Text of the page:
Former Harvard gym houses sports grab bag

The lacquered floor of Hamilton Gymnasium may not be used a lot for competition anymore. It doesn’t even sit in the school proper, having been banished to the parking lots subsequently built around it. But the school’s secondary indoor venue still is in constant use, whether for practices or rented to clubs and outside groups, and the most storied building on campus has also become the most versatile.

As it has faded into the school’s periphery, Hamilton has recently played host to everything from volleyball practices and concert receptions to badminton tournaments and ballroom dancing competitions. It’s the primary practice and competition venue for varsity wrestling, and a weekly faculty-alumni basketball game now headed by history teacher and former boys basketball coach David Waterhouse has been held there almost every Thursday since the 1950s, except for a brief period when it was held in Taper Gymnasium.  The long-running game is just one of the many traditions that Hamilton is a part of.

“Hamilton has a long and storied tradition of adapting to all kinds of eclectic events,” Head of Athletics Audrius Barzdukas said. “The girders practically reek of tradition. You walk in there and feel that it has stories to tell.”

However, while the gym’s old charms tell the school’s early athletic history, it also gives off an outdated feel. While the handful of Harvard’s CIF title banners that hang in the gym date back to 1970 and run up until the merger, a hodgepodge of styles of banner hang for the same level of victory. The older scoreboards on the east and west walls are decrepit and broken in many places, while the gnarled bleachers sit in an alcove held up by pillars, obstructing the view of the court from many seats. As a result, the Athletic Department quickly moved most of the Harvard teams to Taper when it was built in the 1970s.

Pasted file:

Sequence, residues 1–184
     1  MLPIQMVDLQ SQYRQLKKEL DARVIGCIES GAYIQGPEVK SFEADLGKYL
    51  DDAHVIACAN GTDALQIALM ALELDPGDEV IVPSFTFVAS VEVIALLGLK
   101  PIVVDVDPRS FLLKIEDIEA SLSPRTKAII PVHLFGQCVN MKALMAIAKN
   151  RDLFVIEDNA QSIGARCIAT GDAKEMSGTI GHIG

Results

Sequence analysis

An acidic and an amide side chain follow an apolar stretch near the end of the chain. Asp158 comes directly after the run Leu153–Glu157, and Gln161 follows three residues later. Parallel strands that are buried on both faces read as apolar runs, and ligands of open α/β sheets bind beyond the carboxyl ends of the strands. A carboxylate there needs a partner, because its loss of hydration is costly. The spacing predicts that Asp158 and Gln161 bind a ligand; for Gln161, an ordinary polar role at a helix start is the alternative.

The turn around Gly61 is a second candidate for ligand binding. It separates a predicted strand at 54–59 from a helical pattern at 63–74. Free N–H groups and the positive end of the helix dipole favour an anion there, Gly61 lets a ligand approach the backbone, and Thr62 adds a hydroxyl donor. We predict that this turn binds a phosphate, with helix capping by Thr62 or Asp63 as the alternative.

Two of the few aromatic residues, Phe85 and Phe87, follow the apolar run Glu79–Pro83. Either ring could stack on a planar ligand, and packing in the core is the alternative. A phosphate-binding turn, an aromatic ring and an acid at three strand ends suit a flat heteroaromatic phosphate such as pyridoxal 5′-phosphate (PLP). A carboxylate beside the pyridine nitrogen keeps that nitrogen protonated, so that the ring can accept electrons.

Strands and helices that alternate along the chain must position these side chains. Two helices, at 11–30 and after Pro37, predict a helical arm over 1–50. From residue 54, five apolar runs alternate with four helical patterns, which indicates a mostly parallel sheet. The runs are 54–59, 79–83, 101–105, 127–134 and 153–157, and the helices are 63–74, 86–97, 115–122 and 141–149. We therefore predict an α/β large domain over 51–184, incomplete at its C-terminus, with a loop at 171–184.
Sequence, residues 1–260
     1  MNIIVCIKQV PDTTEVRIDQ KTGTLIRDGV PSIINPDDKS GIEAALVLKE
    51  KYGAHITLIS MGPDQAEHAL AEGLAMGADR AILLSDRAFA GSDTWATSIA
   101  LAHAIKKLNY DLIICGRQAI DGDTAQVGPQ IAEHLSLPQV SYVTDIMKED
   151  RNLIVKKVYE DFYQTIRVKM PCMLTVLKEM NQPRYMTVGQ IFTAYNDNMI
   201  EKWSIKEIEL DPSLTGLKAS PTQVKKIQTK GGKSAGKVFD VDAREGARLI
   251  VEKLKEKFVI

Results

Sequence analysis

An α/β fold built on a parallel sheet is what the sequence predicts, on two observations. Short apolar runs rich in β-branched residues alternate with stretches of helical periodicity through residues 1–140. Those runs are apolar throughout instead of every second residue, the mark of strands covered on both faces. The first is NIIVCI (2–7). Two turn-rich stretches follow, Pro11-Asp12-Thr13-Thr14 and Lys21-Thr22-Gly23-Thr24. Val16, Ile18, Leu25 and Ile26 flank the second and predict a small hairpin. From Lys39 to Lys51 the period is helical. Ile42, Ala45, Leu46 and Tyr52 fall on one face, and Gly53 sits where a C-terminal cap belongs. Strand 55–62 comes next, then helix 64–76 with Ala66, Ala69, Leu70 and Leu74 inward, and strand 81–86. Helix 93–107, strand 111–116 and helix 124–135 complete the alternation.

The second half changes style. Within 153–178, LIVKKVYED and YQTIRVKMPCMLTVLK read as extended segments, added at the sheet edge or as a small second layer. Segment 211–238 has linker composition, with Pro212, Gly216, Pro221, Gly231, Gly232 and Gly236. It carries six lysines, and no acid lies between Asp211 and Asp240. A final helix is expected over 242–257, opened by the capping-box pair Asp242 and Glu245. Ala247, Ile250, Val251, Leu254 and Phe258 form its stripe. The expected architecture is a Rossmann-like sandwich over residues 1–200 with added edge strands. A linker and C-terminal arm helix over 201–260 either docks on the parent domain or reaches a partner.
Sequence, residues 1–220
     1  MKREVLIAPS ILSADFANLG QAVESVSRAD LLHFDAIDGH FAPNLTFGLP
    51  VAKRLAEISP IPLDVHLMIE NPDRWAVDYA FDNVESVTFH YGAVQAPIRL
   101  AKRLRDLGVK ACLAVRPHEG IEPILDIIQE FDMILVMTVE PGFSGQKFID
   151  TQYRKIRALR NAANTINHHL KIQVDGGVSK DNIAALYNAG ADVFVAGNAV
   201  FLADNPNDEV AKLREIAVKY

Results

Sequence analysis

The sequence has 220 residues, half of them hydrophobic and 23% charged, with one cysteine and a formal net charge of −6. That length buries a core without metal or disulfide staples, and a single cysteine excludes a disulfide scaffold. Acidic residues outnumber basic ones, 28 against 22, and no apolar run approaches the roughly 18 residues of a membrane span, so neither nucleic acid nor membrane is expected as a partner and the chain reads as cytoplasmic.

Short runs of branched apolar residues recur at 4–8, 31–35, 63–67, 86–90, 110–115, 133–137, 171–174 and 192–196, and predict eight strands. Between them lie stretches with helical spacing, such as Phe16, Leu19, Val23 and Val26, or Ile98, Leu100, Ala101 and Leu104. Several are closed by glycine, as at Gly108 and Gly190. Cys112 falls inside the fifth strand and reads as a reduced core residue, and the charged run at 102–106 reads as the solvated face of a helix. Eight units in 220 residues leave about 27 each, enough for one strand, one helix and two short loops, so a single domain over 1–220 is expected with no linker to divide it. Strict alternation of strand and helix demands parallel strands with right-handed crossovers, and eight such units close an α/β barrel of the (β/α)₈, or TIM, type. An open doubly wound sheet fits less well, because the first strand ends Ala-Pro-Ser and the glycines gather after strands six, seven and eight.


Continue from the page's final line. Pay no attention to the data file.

Hamilton’s future may see the old building being phased out even more or even knocked down. Since the school has begun to prepare for the future upper school modernization, most of the Athletic Department’s proposals have included more indoor playing space for teams. Given that Hamilton could become the third or fourth venue, which would relegate it to little or no use, the building could be knocked down to create more real estate for the school to build upon, taking a large part of Wolverine history with it. Barzdukas recognizes how big of a loss the gym would be but still knows that the end of the era may be beneficial for the school and the athletics program as well.

“We’re going to use that space until the last two-by-four gets knocked down,” he said. “But the biggest question is what can we do to best serve the needs of the kids, and nostalgia and history all take a back seat to that consideration.”